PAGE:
At some point during your investing journey, you may need to perform a broker-assisted trade. You may need to do this because of a specialty trade, a lack of internet connection, or another unforeseeable circumstance. In any case, Zacks Trade offers broker-assisted trades for no additional cost.

Open an account with Zacks Trade or read our full Zacks Trade review.

You Invest by J.P. Morgan Chase

You Invest is not limited to current Chase customers. Any interested investor can get started with You Invest. This platform only requires a $1 minimum deposit, and it has no maintenance fees. It's an excellent way for individuals to dip their toes into the investing world with little commitment.


One of Webull’s most significant advantages is that it lets you open an account quickly. If you’re eager to start investing, you can typically open a Webull account within a day. Also, Webull offers $0 commissions on stocks and ETFs.

Read our Webull Review.

Paladin Registry

Paladin Registry operates a little differently than the other online brokerages we’ve covered. It’s a free service that will connect you with a highly rated and well-experienced financial advisor. So while it’s not in itself a discount online brokerage, it’ll connect you with a financial advisor for a more personalized approach.


Disclaimer: DoughRoller is compensated if you access certain of the products or services offered by eToro USA LLC and/or eToro USA Securities Inc. Any testimonials contained in this communication may not be representative of the experience of other eToro customers and such testimonials are not guarantees of future performance or success.

eToro is a trading platform for those looking to blend investing with social media. You have access to a community of investors, and you can even copy the trades of successful investors with a proven track record. You can begin investing with only $10, and you won’t have to worry about any hidden management fees for your account. You’ll have instant access to a community of experts looking to share and discuss their trades if you’re looking for something more social.

Read our eToro Review.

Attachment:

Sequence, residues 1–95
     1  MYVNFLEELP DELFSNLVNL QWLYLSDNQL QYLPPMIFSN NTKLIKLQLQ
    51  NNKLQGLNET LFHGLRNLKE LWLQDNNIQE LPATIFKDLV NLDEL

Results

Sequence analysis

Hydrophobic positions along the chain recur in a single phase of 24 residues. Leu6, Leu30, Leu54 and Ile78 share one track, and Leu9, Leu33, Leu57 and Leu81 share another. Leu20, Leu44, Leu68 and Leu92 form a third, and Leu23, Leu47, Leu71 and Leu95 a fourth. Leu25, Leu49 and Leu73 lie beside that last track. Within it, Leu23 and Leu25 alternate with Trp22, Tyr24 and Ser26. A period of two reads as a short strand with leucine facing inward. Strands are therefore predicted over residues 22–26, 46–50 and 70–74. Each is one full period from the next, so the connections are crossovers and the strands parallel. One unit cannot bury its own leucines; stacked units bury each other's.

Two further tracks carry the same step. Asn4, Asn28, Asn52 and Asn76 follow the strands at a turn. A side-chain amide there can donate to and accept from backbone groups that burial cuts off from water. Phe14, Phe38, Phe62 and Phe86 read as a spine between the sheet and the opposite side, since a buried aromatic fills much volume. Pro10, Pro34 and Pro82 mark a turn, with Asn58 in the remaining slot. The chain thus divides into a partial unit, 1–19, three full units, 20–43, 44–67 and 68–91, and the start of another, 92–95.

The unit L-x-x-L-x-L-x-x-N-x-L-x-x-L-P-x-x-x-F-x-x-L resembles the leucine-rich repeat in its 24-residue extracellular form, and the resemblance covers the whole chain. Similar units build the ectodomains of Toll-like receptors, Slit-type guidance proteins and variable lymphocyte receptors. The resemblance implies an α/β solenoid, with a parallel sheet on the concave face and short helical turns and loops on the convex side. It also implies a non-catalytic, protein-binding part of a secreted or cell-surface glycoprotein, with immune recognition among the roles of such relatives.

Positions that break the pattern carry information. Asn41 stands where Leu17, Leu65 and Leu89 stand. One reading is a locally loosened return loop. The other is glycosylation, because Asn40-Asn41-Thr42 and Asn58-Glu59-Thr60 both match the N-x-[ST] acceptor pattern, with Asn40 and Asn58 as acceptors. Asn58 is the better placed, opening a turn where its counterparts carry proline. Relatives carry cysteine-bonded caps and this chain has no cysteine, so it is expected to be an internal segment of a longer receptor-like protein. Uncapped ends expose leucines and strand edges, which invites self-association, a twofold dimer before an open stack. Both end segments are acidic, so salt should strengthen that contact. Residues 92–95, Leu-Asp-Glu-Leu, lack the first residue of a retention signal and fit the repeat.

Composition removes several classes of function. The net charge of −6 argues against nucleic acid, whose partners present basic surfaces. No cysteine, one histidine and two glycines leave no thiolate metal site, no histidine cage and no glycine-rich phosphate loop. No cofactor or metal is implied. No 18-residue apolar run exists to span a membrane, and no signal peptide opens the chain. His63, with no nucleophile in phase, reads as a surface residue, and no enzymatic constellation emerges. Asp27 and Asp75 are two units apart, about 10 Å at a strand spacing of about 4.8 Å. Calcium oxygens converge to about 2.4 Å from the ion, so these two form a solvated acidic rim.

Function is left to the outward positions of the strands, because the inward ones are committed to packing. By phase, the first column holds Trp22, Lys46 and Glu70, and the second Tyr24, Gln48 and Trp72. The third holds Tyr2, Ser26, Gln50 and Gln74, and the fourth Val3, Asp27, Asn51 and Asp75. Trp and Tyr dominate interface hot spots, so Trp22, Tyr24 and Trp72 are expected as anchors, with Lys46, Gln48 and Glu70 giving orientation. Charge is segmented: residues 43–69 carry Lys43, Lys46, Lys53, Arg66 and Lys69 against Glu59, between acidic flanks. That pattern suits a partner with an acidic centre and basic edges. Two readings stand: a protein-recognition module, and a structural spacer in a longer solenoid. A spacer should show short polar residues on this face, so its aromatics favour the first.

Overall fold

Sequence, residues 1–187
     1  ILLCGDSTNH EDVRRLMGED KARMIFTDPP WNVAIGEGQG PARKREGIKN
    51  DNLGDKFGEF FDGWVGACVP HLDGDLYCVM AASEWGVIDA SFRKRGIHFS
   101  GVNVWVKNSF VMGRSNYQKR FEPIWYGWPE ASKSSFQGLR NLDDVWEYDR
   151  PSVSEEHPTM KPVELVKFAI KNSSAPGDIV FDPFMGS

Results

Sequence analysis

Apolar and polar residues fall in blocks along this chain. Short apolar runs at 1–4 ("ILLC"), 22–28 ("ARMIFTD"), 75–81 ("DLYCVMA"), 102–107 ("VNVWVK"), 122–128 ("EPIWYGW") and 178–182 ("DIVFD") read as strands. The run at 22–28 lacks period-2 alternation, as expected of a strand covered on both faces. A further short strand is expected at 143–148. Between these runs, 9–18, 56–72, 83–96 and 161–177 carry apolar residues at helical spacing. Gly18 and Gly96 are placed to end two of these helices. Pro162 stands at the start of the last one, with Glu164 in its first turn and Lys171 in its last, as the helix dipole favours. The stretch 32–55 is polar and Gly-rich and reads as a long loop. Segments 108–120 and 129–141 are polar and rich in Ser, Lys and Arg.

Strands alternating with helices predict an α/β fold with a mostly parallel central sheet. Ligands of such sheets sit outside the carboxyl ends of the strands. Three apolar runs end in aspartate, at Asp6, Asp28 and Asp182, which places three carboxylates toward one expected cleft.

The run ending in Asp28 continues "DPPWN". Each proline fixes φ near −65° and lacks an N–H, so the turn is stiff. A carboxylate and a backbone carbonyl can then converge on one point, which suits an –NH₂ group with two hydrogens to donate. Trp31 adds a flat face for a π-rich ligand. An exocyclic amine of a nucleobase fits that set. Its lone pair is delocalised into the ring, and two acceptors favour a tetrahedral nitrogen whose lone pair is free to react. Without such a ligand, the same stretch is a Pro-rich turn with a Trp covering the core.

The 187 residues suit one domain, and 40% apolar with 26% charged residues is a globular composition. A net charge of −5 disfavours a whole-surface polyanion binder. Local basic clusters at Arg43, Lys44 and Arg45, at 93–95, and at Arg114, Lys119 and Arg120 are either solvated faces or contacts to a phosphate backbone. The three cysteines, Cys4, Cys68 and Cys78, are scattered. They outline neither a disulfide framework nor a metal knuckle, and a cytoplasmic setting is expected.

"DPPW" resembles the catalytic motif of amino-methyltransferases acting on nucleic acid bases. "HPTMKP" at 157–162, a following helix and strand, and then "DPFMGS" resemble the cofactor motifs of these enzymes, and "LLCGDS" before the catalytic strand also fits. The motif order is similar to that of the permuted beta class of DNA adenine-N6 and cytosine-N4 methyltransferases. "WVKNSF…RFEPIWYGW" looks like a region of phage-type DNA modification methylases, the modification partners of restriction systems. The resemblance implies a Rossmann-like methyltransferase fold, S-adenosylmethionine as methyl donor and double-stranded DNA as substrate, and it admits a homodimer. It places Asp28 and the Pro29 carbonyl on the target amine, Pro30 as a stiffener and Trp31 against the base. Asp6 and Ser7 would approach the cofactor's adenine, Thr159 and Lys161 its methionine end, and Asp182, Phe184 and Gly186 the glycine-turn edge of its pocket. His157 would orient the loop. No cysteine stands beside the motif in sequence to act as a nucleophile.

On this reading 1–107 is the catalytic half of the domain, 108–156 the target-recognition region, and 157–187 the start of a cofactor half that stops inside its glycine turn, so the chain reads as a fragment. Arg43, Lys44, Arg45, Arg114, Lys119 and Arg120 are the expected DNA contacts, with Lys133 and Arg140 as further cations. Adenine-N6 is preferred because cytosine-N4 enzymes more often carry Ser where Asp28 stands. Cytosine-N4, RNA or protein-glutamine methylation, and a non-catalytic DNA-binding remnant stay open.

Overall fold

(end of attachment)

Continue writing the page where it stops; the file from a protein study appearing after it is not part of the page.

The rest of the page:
Best Robo-Advisors

Robo-advisors are much newer than online brokerages. Betterment was the first robo-advisor to come out, back in 2008.

Like online brokerages, there are now hundreds of robo-advisors. If you're having trouble picking the right one for you, you should consider the factors that set each one apart.

Below are some of the best robo-advisors I recommend. With each, I’ve included a link to our full review so you can learn more.


Wealthfront doesn’t follow a predetermined schedule for rebalancing. Instead, it rebalances your portfolio as your allocations drift far away from their target. This feature is one of the benefits of a robo-advisor, as you won’t have to wait around for your funds to get back on track. Plus, Wealthfront provides tax-loss harvesting to all its clients. It will offset all your losses to decrease taxes on your investment gains and even your ordinary income.

Open an account with Wealthfront or read our full Wealthfront review.


One of the beautiful things about Betterment is that it offers FDIC-insured checking and savings accounts. Its Everyday Cash Reserve can provide you with up to 2.00% APY. While this is a relatively conservative number, it’s still better than anything you’ll find with most traditional checking and savings accounts. The Everyday Cash Reserve is a convenient place to responsibly keep your money until you decide to use Betterment’s robo-advisory features.

Open an account with Betterment or read our full Betterment review.


I love how M1 lets you buy partial shares of funds and even individual stocks. This platform is a fantastic way to diversify your portfolio. Plus, you can easily spend every dollar rather than having extra money sitting unused in your portfolio.

Open an account with M1 or read our full M1 review.


(Personal Capital is now Empower)